BOSTON—In a nail-biting finish to the 2011-2012 session, the Massachusetts Legislature passed S. 2386, a modified version of a bill introduced by Senator Sonia Chang-Díaz (D-Boston). The bill strengthens reporting requirements for public contractors to help ensure construction projects funded by taxpayer dollars are creating local jobs and promoting workforce diversity.
The bill received initial passage by the Senate this past July and was then stewarded through the House by Representative Linda Dorcena-Forry (D-Dorchester). The House passed the bill on Friday, December 28, and the Senate voted for final passage on Monday, December 31—in the last two hours of the last day of the term.
“This bill is a success for accountability, transparency, and opportunity in communities hardest hit by the recession,” said Chang-Díaz. “I’m extremely grateful to Senate President Therese Murray andHouse Speaker Robert DeLeo for making this issue a priority before the clock ran out on the 2011-2012 session. The bill’s passage is the direct result of the hard work of a statewide coalition of advocates, constituents, and elected officials. I also want to offer my sincerest gratitude to those who fought for this bill along the way, including Representative Forry, the Massachusetts Black and Latino Legislative Caucus, and City Councilors Ayanna Pressley, Michael Ross, and Tito Jackson.”
“With the state investing millions in construction each year, communities benefiting from state projects through local jobs and increased transparency are vital,” said Representative Forry. “This bill will help compile data on companies that are meeting goals for the employment of local residents, women, and people of color. I am so proud to have worked with Senator Sonia Chang-Diaz to ensure that this was one of the final bills to have passed the legislature in 2012.”
“We know there was tough negotiating in the final weeks around this bill, and we thank Senator Chang-Díaz and Representative Forry for standing strong on behalf of the community,” said Greg Janey, President of JANEY Company and Co-Chairman of the Board of Directors of the Massachusetts Minority Contractors Association. “This bill is a victory for the minority/women and small businesses community, as it will shine a light on practices within the public construction industry and help hold contractors accountable for poor performance.”
"The MTWA, founded by union tradeswomen, thanks Senator Chang-Díaz, Representative Forry, their staff, allies and especially tradeswomen for all of the work to get this bill passed into law,” said Jenaya Nelson and Katie Liljegren, Chair and Vice-Chair of the Massachusetts Tradeswomen’s Association. “It is a good win and first step toward fair access to hiring on state funded construction projects. To be blunt, without this bill, there is no incentive for contractors to hire tradeswomen; but without enforcement of this bill, there will be no incentive in training or hiring tradeswomen on the next job and the next. And so, there is still work to be done. We look forward to that large task and are encouraged by this victory.”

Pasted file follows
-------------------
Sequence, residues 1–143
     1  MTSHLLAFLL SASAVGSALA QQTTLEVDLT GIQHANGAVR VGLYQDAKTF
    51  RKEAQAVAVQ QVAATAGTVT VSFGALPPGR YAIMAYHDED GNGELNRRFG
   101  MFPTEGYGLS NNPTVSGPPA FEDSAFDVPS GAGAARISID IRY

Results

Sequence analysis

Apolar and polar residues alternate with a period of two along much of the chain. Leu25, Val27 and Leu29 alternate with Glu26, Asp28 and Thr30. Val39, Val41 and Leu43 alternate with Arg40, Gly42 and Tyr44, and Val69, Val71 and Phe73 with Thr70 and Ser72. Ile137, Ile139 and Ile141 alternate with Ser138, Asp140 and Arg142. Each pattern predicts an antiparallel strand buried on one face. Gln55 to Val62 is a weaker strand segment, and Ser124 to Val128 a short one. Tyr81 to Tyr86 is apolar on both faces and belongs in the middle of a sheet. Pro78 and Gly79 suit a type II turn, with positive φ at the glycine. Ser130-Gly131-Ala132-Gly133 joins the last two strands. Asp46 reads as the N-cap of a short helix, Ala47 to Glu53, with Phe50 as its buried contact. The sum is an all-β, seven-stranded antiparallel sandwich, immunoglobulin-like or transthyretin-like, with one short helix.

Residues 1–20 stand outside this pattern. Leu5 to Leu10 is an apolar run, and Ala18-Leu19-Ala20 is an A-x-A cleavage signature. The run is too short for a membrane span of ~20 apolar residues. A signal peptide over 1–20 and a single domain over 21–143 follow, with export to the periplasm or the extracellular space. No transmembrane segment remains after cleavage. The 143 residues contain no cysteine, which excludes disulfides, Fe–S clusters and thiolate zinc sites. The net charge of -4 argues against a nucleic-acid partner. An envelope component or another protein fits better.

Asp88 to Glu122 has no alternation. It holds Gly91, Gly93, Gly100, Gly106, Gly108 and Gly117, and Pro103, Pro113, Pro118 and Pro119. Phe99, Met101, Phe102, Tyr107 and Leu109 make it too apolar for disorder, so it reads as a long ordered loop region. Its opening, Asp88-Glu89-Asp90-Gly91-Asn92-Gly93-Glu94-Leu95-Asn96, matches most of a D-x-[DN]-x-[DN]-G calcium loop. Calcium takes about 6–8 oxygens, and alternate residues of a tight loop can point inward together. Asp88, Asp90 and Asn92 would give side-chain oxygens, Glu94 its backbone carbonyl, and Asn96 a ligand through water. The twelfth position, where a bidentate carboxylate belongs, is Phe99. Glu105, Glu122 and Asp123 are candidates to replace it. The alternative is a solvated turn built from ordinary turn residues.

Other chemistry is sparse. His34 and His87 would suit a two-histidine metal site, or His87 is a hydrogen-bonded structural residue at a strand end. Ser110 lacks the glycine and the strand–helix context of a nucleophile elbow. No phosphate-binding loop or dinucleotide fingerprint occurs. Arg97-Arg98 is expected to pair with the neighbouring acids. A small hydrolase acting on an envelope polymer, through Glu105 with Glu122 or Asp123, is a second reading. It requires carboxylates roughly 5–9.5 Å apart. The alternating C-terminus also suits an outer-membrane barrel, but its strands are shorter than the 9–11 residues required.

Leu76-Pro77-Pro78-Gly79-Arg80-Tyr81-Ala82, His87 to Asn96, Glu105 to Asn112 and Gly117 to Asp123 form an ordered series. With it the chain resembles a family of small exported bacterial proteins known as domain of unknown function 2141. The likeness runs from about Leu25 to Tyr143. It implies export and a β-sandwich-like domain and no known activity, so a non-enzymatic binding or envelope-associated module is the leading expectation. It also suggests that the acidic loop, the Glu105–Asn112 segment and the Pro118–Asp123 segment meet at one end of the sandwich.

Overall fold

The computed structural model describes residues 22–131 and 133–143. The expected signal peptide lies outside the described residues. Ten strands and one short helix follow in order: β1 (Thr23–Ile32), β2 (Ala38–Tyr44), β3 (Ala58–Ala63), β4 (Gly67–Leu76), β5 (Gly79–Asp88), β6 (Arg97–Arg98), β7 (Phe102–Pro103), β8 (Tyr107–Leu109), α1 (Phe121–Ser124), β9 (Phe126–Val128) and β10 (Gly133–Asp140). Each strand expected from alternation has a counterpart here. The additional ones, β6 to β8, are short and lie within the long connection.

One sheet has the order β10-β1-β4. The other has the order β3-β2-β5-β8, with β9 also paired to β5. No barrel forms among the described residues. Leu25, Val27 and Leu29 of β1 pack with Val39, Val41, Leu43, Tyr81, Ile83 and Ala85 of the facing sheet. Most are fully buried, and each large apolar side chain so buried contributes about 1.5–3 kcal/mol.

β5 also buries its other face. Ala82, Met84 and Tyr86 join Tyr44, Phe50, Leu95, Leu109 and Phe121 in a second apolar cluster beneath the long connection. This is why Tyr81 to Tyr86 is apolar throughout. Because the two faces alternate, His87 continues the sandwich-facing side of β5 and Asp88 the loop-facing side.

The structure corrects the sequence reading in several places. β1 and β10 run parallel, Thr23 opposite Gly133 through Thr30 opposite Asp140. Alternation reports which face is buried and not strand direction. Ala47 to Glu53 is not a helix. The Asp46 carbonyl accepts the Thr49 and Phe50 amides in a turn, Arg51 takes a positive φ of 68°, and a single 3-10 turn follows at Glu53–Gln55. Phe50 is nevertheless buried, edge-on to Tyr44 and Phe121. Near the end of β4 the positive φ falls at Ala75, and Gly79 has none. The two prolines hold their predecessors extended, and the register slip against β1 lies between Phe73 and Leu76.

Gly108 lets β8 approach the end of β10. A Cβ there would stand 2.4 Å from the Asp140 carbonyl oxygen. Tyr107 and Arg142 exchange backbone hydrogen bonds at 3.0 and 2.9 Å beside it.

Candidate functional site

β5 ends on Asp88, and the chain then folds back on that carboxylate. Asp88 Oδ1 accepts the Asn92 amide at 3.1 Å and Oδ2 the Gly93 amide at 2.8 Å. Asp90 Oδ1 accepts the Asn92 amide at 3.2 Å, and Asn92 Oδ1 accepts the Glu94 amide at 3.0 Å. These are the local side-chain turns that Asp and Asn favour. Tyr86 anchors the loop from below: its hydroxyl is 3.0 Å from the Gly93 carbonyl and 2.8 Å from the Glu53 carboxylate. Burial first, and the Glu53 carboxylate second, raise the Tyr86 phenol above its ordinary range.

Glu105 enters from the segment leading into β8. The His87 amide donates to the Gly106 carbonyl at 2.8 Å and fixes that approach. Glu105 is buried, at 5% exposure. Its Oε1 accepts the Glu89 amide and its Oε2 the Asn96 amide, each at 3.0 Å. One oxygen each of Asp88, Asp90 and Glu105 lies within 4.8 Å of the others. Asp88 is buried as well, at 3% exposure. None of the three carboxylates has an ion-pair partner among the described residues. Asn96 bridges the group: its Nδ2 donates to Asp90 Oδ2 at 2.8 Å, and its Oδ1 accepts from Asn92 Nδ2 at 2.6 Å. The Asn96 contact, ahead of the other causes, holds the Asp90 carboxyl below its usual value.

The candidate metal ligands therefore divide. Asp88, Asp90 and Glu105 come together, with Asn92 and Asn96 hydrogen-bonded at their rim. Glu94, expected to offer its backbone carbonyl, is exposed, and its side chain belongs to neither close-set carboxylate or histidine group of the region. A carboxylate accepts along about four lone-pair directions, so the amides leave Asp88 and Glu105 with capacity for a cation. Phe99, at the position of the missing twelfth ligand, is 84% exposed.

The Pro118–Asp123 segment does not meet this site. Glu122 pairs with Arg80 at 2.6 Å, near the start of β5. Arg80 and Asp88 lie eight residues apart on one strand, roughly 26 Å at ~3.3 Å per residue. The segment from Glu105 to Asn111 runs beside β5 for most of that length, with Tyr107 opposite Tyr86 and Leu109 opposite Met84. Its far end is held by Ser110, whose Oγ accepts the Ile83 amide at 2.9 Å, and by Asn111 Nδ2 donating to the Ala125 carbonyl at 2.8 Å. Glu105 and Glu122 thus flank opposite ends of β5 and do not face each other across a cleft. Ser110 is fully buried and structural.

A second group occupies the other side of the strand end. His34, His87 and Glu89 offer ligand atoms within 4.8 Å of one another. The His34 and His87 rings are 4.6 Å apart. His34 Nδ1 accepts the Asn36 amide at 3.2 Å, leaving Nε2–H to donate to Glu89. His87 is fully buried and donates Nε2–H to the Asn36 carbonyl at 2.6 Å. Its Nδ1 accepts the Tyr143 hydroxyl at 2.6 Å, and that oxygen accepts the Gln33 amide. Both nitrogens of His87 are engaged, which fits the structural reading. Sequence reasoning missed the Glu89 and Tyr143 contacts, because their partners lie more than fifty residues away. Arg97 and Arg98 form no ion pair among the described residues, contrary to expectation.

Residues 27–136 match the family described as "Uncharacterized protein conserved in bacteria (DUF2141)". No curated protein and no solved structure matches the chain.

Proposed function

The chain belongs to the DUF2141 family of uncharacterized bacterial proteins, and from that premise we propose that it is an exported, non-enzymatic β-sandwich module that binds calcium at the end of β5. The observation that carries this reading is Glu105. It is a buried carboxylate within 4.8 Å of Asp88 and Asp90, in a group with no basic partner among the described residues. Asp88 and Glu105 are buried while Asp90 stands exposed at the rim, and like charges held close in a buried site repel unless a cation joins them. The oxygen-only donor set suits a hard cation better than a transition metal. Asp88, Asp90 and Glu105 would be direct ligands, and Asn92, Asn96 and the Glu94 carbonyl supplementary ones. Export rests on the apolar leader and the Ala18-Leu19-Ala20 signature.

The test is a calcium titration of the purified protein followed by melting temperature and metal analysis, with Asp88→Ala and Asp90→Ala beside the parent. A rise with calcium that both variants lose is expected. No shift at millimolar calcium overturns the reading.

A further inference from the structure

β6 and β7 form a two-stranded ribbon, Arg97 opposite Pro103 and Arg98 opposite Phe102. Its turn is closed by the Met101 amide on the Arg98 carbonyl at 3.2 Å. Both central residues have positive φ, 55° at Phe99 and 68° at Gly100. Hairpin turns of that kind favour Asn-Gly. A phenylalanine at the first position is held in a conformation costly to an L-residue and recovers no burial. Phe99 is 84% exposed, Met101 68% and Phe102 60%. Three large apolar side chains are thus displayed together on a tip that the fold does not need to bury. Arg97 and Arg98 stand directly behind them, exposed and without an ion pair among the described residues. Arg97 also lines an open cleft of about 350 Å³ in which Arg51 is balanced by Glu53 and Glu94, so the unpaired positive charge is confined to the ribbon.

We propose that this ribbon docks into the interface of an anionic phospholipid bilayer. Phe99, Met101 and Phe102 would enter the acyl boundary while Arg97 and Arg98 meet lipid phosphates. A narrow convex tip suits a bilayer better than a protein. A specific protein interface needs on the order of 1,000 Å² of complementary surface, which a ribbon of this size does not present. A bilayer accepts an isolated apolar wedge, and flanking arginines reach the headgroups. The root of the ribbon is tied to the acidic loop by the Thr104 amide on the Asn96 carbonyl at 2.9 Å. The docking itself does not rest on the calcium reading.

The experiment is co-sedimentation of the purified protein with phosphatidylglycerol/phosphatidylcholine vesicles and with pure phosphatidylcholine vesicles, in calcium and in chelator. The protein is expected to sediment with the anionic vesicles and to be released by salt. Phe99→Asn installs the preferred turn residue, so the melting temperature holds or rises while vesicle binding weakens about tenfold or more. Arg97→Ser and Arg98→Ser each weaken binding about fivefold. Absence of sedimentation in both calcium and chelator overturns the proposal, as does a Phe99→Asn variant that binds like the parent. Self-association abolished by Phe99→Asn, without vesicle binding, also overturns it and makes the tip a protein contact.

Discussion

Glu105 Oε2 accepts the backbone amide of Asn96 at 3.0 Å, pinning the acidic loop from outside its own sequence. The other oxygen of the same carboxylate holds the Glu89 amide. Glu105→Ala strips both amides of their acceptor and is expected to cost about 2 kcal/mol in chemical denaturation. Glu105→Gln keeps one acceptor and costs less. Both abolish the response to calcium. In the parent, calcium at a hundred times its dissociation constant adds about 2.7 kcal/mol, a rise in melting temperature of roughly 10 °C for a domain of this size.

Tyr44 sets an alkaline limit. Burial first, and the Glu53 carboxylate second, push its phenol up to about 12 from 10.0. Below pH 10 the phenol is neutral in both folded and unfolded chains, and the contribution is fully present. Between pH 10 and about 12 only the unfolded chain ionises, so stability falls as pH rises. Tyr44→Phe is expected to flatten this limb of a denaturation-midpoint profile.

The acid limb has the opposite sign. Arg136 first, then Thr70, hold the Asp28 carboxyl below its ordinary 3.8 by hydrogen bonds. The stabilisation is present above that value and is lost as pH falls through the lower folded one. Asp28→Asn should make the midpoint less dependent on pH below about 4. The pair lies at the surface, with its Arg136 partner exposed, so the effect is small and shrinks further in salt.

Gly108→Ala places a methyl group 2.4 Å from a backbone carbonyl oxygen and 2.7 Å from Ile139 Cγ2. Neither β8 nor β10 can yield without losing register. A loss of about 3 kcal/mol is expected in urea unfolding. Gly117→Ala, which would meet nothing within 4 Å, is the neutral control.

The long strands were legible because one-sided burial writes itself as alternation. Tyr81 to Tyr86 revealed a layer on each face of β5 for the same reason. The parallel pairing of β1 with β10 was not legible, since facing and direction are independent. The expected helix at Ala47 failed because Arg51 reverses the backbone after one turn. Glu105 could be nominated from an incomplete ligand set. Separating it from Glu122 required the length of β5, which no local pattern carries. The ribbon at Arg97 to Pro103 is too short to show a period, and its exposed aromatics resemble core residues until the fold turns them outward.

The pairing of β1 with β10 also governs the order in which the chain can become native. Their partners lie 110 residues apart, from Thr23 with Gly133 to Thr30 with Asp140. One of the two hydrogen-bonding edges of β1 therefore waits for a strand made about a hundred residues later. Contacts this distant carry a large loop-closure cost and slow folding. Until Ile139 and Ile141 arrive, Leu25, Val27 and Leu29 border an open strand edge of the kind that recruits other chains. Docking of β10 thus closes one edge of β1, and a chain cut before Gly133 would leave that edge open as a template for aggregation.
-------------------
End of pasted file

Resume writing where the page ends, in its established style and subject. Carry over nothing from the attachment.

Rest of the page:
“In Boston, we’ve seen example after example of taxpayer-funded construction projects coming up in neighborhoods of color, with the jobs and business opportunities for these projects going elsewhere” said Rodney Singleton, Roxbury activist and resident/Jackson Square CAC Chairman. “This bill gives us a tool to keep a watchful eye on contractors and the state to make sure promises to our communities are being kept. We need to continue to advocate on this issue, but this bill is a strong step in the right direction.”
“Massachusetts invests millions of taxpayer dollars each year on public construction projects, yet we lack a consistent mechanism for tracking if these projects are creating economic opportunities for minority, women, and small and local businesses owners,” said Jesse Jeter, President of the Massachusetts Minority Contractors Association. “The swift passage of the Jobs Access Bill is a vital step in helping the state to obtain this information.”
S. 2386 creates economic incentives to increase workforce diversity, and increases accountability and transparency within the public contracting system from the initial bidding process through each project’s completion. The bill:
- Requires the state to develop a website and post quarterly performance numbers, contract by contract, so the public can judge the state’s and contractors’ performance on hiring diversity and local job creation in real time, instead of post-project;
- Mandates state construction agencies to evaluate each bidder’s past performance in living up to the workforce diversity goals that they stated in their contracts;
- Makes it a stated policy of the Commonwealth to include workforce diversity goals in all state-funded construction projects; and
- Incentivizes bidders on public contracts to follow through on their contract’s diversity goals by making this a factor upon which their future bids to the state get evaluated.
The bill has strong community support. Other stakeholders who have advocated for the bill along its path to passage include Boston Mayor Tom Menino, Fitchburg Mayor Lisa Wong, Brockton City Councilor Jass Stewart, Mel King, Rev. Hurmon Hamilton, the Center for Women and Enterprise, Dudley Street Neighborhood Initiative, Boston Workers Alliance, Massachusetts Communities Action Network, Karl Nurse Communications, Nexus Alliance, D'Ventures Limited, LLC, and theUnion of Minority Neighborhoods.
The bill now moves onto the Governor’s desk.
UPDATE: Governor Deval Patrick signed the bill into law on January 10, 2013.